208. 1023: 

    Ashton Agar's highest first-class score before this match was 71 not out, which he made for Western Australia against Tasmania in February this year. In that match he came in at number eight with his side on 203-6 in their second innings needing a further 154 to win. They won by two wickets. Agar came in yesterday with Australia needing 147 with six wickets down.

  209. 1022: 

    So what are you up to today? Whether you are out in the garden, being dragged around the supermarket or cleaning the barbecue, you can still follow every moment of this year's Ashes with the BBC iPlayer Radio app and the BBC Sport app. On the radio app, you can listen live to Test Match Special and download the Aggers and Boycott close-of-play podcasts. The BBC's ever-popular live text commentary, with analysis and insight from our reporters at the ground, is available on the BBC Sport app.

    Download the BBC Sport website app and Download the BBC iPlayer Radio app.

  210. 1019:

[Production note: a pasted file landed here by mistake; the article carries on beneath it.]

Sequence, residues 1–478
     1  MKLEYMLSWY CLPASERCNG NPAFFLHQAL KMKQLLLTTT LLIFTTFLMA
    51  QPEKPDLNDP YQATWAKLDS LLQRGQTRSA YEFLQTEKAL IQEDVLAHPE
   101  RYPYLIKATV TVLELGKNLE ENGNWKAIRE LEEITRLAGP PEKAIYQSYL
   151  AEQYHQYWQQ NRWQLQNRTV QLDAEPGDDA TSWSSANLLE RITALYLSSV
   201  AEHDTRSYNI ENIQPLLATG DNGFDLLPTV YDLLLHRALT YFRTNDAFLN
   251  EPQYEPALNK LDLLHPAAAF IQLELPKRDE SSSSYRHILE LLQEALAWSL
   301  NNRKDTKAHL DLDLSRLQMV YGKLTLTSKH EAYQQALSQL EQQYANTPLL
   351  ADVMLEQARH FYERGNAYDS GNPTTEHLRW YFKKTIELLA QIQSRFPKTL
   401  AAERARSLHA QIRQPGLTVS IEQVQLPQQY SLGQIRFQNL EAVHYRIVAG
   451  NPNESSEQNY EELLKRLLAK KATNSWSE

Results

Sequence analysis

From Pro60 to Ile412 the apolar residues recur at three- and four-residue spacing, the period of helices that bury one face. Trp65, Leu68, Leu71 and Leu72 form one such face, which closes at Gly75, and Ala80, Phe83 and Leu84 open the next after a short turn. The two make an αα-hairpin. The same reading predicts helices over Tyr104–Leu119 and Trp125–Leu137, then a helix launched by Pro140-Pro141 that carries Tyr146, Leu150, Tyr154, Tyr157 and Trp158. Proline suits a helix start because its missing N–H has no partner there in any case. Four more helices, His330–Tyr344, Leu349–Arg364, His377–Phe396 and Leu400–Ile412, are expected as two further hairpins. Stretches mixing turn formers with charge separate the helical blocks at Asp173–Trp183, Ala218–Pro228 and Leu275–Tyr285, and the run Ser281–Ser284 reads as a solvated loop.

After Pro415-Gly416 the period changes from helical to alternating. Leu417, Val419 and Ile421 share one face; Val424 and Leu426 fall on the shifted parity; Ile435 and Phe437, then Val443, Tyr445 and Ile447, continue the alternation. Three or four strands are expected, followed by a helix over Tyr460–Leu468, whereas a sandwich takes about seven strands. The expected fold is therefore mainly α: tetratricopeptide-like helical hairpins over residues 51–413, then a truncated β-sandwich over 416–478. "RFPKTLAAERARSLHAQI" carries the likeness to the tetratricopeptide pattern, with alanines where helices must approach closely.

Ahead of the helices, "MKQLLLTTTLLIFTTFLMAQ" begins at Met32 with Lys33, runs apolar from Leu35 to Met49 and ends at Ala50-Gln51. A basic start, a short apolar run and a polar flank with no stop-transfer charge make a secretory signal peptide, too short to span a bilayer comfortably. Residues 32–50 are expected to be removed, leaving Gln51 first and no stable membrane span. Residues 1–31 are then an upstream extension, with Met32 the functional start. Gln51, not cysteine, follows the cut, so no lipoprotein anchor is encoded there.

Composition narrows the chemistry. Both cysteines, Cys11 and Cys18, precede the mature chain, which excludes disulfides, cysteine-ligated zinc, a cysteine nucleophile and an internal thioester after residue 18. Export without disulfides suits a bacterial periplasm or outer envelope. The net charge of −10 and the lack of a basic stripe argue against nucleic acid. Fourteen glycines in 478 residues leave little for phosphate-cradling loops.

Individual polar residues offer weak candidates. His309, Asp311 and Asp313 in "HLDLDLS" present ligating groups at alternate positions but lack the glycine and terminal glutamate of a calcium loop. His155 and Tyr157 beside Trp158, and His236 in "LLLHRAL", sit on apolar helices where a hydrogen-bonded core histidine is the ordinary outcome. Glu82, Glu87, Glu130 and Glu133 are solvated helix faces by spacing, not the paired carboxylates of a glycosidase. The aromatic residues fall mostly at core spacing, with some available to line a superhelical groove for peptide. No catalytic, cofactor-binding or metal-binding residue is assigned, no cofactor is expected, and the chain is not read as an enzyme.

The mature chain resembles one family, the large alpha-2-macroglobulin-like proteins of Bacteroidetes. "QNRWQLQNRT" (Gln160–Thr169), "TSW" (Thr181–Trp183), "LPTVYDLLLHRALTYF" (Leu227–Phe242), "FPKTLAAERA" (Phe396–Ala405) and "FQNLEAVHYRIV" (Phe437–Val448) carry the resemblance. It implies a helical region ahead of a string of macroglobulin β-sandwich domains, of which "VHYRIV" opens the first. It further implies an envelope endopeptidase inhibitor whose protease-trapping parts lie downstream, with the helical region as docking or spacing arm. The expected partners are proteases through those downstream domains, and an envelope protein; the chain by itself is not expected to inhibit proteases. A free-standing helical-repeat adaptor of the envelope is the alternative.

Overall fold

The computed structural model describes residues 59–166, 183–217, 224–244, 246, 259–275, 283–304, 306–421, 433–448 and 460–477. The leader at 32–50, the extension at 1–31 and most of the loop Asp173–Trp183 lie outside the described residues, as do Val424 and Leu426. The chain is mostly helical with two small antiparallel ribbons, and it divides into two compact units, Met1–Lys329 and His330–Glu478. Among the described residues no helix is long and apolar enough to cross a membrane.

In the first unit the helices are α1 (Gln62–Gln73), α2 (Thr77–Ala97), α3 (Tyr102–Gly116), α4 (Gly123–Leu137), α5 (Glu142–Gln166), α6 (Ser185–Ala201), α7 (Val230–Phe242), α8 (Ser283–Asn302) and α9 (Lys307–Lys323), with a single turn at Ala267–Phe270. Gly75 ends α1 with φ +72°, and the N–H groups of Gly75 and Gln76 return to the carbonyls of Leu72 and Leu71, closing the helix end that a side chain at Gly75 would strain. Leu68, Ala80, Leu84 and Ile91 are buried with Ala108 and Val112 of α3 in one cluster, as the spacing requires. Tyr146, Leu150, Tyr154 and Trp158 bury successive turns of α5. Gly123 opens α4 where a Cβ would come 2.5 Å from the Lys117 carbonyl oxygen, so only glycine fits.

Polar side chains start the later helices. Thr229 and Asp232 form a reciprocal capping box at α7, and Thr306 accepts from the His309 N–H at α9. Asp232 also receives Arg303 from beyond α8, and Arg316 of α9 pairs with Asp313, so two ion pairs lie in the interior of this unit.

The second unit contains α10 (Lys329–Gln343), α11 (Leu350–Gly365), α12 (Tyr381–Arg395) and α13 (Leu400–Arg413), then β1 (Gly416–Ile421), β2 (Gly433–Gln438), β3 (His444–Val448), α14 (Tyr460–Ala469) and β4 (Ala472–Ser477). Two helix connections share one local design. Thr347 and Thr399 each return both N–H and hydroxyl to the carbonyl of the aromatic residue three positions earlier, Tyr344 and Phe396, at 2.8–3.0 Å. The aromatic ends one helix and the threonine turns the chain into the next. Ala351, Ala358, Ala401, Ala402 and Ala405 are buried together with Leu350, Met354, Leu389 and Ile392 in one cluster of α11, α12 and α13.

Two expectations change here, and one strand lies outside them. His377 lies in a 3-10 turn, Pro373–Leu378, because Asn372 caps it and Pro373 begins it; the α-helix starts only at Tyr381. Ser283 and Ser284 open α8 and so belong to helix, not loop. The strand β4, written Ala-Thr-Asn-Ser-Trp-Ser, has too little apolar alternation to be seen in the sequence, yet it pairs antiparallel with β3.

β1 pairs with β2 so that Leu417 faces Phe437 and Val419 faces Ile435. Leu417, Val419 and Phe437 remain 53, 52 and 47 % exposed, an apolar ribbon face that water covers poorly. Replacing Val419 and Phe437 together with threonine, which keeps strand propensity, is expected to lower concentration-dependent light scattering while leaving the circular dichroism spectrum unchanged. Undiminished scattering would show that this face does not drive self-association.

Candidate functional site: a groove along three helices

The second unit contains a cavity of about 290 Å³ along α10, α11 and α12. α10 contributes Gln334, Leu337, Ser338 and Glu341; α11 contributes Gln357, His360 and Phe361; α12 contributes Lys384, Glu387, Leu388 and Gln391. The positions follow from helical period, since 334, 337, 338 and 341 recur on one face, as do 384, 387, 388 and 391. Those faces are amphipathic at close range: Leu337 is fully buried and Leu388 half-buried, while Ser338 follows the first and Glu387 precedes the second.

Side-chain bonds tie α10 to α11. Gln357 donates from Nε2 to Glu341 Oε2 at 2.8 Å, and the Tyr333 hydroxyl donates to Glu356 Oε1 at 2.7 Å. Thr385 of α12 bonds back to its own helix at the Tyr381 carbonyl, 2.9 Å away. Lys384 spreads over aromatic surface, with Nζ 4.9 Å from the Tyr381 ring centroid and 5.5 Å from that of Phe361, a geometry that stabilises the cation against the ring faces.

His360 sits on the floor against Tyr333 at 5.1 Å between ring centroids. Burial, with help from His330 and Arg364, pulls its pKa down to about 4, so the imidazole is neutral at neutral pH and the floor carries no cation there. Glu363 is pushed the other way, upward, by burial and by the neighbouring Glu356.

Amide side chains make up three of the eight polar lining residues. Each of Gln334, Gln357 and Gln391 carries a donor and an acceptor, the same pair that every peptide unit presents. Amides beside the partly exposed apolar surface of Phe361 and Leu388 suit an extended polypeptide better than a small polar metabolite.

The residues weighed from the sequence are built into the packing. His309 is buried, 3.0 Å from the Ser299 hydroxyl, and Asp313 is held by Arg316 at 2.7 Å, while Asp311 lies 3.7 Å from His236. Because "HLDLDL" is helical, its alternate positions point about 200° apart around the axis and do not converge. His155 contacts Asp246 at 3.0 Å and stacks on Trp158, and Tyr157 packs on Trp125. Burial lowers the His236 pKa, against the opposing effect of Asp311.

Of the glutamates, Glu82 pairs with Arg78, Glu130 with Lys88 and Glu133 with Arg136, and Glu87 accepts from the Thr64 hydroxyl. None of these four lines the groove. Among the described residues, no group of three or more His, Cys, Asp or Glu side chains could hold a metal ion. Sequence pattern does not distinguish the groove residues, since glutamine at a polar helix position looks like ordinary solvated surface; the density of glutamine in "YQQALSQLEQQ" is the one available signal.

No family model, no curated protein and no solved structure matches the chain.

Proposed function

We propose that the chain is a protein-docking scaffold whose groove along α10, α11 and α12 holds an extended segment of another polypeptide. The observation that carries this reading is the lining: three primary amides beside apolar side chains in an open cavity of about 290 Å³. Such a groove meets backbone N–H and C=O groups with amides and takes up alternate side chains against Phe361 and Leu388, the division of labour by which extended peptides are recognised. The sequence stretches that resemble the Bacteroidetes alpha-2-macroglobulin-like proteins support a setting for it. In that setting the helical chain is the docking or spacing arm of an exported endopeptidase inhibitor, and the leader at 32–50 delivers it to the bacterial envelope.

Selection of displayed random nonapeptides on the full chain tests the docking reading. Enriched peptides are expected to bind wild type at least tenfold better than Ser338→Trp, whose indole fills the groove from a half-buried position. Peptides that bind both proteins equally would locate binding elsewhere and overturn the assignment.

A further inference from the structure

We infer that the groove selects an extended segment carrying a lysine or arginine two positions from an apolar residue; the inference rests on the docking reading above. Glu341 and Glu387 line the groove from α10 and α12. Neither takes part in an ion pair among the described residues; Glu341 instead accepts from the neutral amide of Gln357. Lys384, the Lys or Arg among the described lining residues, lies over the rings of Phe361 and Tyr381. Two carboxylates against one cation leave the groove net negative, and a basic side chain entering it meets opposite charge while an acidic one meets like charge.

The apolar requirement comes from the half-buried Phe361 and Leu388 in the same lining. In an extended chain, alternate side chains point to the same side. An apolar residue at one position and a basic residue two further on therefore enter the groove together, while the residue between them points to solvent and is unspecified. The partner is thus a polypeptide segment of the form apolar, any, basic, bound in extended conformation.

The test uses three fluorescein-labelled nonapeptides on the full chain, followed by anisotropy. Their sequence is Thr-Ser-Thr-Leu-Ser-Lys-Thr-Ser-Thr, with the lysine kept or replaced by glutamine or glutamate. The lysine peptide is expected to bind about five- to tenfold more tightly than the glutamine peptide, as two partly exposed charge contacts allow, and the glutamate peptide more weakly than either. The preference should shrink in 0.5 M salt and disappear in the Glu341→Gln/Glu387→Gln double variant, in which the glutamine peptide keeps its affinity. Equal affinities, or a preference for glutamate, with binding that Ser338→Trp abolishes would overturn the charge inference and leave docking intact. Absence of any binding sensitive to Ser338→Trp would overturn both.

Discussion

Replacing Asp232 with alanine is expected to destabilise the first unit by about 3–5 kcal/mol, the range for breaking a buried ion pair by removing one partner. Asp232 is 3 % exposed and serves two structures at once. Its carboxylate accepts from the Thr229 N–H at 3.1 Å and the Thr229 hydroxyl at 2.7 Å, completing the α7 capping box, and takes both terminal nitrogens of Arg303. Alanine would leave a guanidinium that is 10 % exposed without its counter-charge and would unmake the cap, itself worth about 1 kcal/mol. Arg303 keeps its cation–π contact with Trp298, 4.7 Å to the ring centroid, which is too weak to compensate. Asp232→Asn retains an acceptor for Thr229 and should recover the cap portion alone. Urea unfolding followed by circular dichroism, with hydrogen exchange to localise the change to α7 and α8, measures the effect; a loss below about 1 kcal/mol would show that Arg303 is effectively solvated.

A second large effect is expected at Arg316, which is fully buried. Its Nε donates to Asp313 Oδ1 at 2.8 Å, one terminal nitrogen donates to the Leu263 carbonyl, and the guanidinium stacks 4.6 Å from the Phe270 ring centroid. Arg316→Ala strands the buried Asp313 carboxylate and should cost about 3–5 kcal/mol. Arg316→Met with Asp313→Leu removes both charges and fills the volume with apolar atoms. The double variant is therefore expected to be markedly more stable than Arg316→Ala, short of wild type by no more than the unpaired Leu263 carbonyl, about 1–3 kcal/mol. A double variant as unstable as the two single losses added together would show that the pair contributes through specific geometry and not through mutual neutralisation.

"For many years, walking has been an open point of discussion," former Australia wicketkeeper Adam Gilchrist told BBC Radio 5 live. "In this day and age it is no surprise to see a player not walk. Walking is up to him.

    "In all this discussion no-one has mentioned about Jonny Bairstow to Ashton Agar, he walked off straight away. So there are positive stories.

    "I think it's just an individual choice and I felt that players could be in more control of the match and the way it is played.

    "Some people said I was disrespecting the umpire by walking. But it was my personal opinion. The spirit of the game can mean different things in different parts of the world but Stuart has not broken the laws of the game. But you have to be careful if one goes against you with the ball in your hand."

  211. 1016: 

    This Test match has had more twists and turns than a rollercoaster - and it's not been short on controversy either.

    Perhaps the biggest, most discussed, issue of the match came when Stuart Broad refused to walk in England's second innings when he had edged to slip. Of course, he was within his rights to do so because the umpire had not given him out and Australia had used up all of their reviews.

    Former Australia wicketkeeper Adam Gilchrist was notorious as being one of the few batsmen in world cricket to walk, and he has been speaking to BBC Radio 5 live...

    Glenn McGrath, BBC Test Match Special